Columnists Features

Cherish the good: It is public, private

EDUCATIONAL JOURNEY, EPHAT MUDENDA
AS THE University of Zambia (UNZA) celebrates 50 years of existence this year, it is important to look back and appreciate the role it has played in national development.
From 1966, it has churned out thousands of experts in various fields. These, together with many others from different institutions of higher learning in the country, have been the engine of Zambia’s economic growth.
It is, therefore, worth celebrating UNZA’s golden jubilee, knowing that the institution and other universities and colleges in the land are there to prepare individuals for a bright future and a prosperous nation.
The fact that education at that level is directly concerned with development at both individual and societal (national) level, university and college students should indeed seriously reflect on why they are in those institutions. Only then can they come out of those places as responsible individuals who should take up positions in various sectors of the economy, whether formal or informal.
So, because higher education offers benefits to an individual and society as a whole, it can be argued that, to a large extent, it is both a public and a private good. The private benefit is looked at from the perspective of economic and social attainment.
A student must study hard. At the end of their course they will either get a good job or engage in a business or businesses that will further enhance their careers. In this way, they will reap the rewards of their individual efforts while at college or university.
Individuals, especially women, are also able to live and aspire for meaningful, creative and resilient lives. Education strengthens their voices in community, national and international affairs. Besides, it opens up great employment opportunities and sources of social mobility.
On the other hand, there are what are called social benefits of education. Increasing literacy levels, for example, leads to improved health outcomes not only for oneself, but for the family, as well as the community. It also promotes broader participation in democratic processes, reduced crime, violence and poverty rates, and enhances social equality, among others.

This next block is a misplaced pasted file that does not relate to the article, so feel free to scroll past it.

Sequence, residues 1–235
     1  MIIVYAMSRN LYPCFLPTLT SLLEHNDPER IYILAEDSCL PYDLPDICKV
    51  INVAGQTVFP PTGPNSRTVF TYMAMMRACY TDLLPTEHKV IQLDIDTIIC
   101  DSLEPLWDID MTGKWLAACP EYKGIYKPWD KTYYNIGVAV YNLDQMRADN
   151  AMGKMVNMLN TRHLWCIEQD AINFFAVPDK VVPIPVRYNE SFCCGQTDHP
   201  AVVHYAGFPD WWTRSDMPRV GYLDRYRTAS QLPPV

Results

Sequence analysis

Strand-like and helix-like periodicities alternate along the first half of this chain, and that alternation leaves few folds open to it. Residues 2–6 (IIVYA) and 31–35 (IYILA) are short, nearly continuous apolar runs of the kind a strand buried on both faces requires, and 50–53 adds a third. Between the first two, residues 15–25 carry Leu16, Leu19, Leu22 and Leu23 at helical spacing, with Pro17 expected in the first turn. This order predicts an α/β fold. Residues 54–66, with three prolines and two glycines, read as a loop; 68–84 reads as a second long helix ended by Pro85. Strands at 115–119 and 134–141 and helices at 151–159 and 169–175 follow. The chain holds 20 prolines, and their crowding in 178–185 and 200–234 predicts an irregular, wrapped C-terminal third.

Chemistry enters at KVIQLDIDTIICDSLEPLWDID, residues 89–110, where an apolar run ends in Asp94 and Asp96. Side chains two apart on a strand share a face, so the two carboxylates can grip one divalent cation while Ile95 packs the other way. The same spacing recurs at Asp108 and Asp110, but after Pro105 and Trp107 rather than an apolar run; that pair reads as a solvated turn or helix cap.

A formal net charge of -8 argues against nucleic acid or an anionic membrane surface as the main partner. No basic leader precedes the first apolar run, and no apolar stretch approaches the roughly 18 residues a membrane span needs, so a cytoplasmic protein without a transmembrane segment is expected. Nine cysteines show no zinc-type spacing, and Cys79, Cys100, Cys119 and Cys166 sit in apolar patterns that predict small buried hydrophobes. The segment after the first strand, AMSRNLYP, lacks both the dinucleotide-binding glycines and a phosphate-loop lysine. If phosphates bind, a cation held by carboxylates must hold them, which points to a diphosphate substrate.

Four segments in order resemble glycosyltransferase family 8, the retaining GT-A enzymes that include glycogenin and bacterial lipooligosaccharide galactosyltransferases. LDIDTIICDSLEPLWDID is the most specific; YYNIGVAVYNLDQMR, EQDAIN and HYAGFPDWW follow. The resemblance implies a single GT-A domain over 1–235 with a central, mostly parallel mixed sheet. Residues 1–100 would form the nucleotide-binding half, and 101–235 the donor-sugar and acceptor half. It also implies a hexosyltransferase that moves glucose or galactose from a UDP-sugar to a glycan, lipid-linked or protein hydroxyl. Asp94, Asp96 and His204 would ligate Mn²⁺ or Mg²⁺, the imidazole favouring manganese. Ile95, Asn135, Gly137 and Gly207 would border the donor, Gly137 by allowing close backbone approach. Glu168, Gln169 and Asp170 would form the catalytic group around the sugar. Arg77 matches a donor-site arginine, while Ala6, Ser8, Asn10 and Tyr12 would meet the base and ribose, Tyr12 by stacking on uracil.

Clearly, not all of the benefits that higher education offers accrue to the students. When many people go to college or university, society tends to benefit. Others that work with experts who have acquired higher educational qualifications are bound to earn higher incomes because of the added flexibility, innovation, and productivity of the labour force.
Education does not only aid one to become knowledgeable, it enables people to become active citizens whose activities inevitably benefit many others around them. For example, there are more new goods and services for all people in society to enjoy because of the varying contributions of college and university graduates.
So, the benefits of tertiary education are shared by the participants and the rest of society. This is the more reason why governments must be fully involved in the education of their citizens at that level. Subsidising institutions and their students, as the case is for public universities in Zambia, particularly UNZA and the Copperbelt University, underscores the reasonableness of cost sharing.
While inability to pay the full cost due to high poverty levels and other related factors – especially in developing countries like Zambia – is one of the reasons why governments pay part of students’ tuition fees, among other costs, the fact that benefits are shared by an individual and society should make them (governments) see the importance of funding higher learning institutions, particularly public ones.
If more public colleges and universities are built, with government funding at the heart of a more equitable system, then all students will have access to a high standard of education regardless of their background or circumstances.
Private institutions of higher learning are, to a large extent, for-profit. In a way, as students in such colleges and universities pay the full cost, it means they foot the bill for the benefits to be shared by all members of the society. This is where privatisation has had some negative effects on education as a public good.
Since higher education is a public/ private good and a human right, it must be fully promoted (and funded) by all stakeholders, including students, the corporate world and the government.
emudenda@daily-mail.co.zm/ ephatm@yahoo.com

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